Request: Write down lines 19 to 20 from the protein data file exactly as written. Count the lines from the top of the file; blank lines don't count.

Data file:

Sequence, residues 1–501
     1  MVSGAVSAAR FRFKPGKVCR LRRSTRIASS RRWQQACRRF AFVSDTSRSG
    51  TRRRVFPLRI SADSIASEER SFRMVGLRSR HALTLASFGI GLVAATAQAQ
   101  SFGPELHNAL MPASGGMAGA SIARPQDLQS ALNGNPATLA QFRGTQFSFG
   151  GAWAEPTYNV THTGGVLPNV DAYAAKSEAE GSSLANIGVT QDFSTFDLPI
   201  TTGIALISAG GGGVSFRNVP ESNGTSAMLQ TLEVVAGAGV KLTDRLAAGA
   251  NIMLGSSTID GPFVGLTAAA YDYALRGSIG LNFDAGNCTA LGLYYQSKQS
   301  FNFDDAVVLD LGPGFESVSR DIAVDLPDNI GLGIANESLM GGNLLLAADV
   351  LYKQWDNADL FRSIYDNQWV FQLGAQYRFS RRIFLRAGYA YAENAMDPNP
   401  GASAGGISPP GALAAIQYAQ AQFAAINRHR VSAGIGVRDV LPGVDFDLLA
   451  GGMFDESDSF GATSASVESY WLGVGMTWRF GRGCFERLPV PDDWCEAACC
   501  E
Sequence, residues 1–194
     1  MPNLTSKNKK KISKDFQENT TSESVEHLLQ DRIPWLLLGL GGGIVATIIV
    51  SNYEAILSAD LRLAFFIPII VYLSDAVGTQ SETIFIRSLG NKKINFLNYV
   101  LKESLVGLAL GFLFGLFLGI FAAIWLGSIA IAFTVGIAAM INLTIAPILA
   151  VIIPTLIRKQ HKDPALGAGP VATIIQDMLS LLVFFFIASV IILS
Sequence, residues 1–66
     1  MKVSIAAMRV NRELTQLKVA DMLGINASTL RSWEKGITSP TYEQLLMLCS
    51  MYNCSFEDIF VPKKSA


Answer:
     1  MKVSIAAMRV NRELTQLKVA DMLGINASTL RSWEKGITSP TYEQLLMLCS
    51  MYNCSFEDIF VPKKSA